This beloved seaside cottage was originally built in 1920 and has been occupied by the same family for several generations. The wife of the current occupants grew up in the house in the summertime. Over the years, the house has been renovated several times but has retained its classic gambrel-roofed beach house character. The main focus of PSD’s recent renovation was to open up the living, dining, and entry hall spaces to one another and to the expansive ocean view. As a getaway for an active family, it was important to have a connection to the outside, to provide easy indoor/outdoor entertaining, and to facilitate socializing.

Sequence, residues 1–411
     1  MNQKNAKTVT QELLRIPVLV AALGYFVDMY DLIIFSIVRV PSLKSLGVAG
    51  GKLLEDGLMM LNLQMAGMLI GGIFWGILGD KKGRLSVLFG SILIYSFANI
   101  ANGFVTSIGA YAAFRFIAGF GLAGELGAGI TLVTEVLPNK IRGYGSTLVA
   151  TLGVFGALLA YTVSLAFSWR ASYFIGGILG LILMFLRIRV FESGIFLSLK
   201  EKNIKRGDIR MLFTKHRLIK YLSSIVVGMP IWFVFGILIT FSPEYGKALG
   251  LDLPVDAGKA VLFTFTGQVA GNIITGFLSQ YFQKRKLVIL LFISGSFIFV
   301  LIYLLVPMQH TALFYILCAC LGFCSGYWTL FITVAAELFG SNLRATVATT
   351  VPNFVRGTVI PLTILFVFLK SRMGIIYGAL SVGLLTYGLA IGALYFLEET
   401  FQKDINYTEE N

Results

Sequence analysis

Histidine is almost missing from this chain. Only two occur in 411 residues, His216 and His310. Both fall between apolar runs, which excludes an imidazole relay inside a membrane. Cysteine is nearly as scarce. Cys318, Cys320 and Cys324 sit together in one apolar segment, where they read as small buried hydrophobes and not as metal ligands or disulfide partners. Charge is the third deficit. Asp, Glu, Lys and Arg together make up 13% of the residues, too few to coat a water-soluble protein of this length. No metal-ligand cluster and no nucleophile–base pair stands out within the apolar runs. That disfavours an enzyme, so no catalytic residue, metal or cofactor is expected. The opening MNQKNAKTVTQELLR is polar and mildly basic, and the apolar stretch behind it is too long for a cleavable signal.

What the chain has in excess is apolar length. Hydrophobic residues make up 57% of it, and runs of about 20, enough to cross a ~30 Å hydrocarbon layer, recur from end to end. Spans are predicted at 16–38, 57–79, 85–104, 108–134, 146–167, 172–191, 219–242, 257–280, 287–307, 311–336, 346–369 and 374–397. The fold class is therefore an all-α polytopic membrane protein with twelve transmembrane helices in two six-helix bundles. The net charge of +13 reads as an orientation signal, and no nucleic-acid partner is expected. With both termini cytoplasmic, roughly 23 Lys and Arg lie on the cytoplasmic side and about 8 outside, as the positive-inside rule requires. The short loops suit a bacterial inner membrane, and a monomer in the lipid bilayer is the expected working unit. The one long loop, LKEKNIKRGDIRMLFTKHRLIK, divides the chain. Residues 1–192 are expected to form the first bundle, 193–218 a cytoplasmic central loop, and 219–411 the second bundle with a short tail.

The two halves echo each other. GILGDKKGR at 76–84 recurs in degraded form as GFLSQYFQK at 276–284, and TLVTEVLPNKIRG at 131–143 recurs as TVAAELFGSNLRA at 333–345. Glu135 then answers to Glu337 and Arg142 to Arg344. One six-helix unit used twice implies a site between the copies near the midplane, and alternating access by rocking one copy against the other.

The existing front entry was tight and dark. PSD expanded the space to provide natural light from three directions. The enlarged entry also now features built-in storage that provides some mudroom-type function to a house that doesn’t otherwise have one. The conservation restrictions on the blufftop site did not allow new foundation, so the “saddlebag” bay windows cantilever off the small existing entry porch with fanciful reverse curve bases. Other exterior additions were modest: a small dormer facing the street, another fanciful detail around the arch-topped front window, a cupola and mermaid weathervane, a bay window in the kitchen, and a bracket-supported overhang over the doors and windows facing the deck and view. The design at the top of the entry built-in was created to reference the existing arched-top transom at the main door—repeating a classic motif as a subtle contemporary decorative pattern engraved into the woodwork. From the main entry, one now has a panoramic view out to the ocean through the living and dining spaces. These spaces were opened up to each other through an arcade that defines them as separate spaces, but still allows social interaction and view. Wraparound windows were installed to take advantage of the view and to capture natural light from three directions. As an older home, PSD assessed the existing structural elements while renovating. The columns between the living and dining areas also provide critical structure to the 1920’s house. The unique scallop shell fireplace capitols, ceiling design, and shiplap paneled walls all add special character to the updated space. PSD also added additional kitchen cabinetry, renovated the sitting area behind the new bay window in the kitchen, and revised the stair space and details. Atop the existing kitchen wing now sits a large custom-designed mermaid and starfish weathervane on a small cupola—a nod to the home’s seaside location. She is in scale with the beach and ocean below and intentionally, and delightfully, out of scale with the house. In addition to being the architect and builder of the project, PSD served as the landscape architect, designing walkways, front patio for dining out of the wind, outdoor kitchen, plantings, and a firepit terrace right at the edge of the bluff.